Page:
Because your head gasket has metal inside of it, it is susceptible to extreme temperature changes. Metal expands in heat and contracts when it gets cooler. So, if your engine is continually getting very hot, hotter than it's supposed to, and then cooling down again it's going to cause your head gasket to break down eventually.
Contamination: As we said, part of your head gasket's job is keeping fluids like coolant and engine oil out of your combustion chamber. But the head gasket will still be exposed to coolant and this could potentially wear it down if your coolant is badly contaminated. If you haven't changed it in a while the chemical composition could be corrosive enough to start wearing away at the elastomer substance that makes up your head gasket. In time, it will eat away at the material and cause cracks and breaks.
Defect: Although rare it's not impossible that the head gasket installed in your vehicle will have suffered a manufacturing or installation defect of some kind. If it was installed slightly incorrectly or something compromised it during the manufacturing process it could be weakened from the very beginning and just normal use of your vehicle will cause it to crack and break. It's always good to monitor any technical service bulletins that have been issued by the manufacturer for your particular make and model of vehicle, as well as recalls in case they cover this kind of problem.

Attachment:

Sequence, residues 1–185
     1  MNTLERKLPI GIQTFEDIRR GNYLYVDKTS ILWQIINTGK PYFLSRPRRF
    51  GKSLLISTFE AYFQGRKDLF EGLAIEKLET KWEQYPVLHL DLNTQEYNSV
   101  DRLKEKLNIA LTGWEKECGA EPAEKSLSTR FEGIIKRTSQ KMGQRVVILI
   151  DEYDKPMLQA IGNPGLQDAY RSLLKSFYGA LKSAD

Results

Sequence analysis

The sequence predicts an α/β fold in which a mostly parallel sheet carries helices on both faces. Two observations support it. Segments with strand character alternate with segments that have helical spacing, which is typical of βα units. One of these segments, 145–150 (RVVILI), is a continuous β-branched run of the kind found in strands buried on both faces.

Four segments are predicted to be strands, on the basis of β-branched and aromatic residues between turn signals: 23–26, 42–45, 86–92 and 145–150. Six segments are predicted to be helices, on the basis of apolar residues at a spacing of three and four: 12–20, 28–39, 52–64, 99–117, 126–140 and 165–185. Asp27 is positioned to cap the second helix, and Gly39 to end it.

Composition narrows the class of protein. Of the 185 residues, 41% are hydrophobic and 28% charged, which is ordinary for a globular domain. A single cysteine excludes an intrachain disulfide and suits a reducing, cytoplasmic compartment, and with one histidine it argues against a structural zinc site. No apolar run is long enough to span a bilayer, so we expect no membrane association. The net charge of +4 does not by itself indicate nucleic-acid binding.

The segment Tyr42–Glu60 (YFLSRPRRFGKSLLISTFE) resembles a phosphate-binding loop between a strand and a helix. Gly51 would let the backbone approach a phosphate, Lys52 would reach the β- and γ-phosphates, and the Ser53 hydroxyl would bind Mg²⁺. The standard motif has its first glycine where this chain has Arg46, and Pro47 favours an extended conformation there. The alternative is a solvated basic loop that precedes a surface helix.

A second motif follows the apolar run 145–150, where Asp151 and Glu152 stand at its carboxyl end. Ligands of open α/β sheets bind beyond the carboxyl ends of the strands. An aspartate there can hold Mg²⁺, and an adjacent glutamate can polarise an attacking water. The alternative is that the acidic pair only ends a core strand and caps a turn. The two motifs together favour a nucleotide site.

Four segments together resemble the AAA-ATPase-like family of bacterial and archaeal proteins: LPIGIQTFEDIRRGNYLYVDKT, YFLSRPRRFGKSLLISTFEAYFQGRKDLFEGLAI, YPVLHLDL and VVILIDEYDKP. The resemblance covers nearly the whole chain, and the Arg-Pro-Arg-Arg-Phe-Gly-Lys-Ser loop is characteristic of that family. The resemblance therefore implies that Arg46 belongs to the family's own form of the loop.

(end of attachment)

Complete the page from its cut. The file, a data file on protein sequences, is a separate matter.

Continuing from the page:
Signs and Symptoms of a Blown Head Gasket
When your head gasket does go bad there are a few signs that you're going to be able to look for to let you know you have a problem.
Overheating: Even though overheating is actually one of the causes of a blown head gasket it's also one of the symptoms. Because the cracks in your head gasket are going to allow coolant to escape, that means the coolant won't be able to do its job in maintaining the temperature in your engine. If you noticed that your engine temperature gauge on the dashboard is routinely running into the red, it's very possible that you're suffering some kind of a coolant leak which could be contributing to a blown head gasket. Since it's both the cause and symptom, the longer this is allowed to continue the worse it's going to make the situation.
Poor Engine Performance: Because your head gasket is no longer maintaining the pressure in your engine, you're going to notice some serious performance issues as well. This could include engine stalls or stuttering, even misfires. This is all the result of the combustion reaction not occurring the way it should any longer because the lack of pressure has thrown off the timing.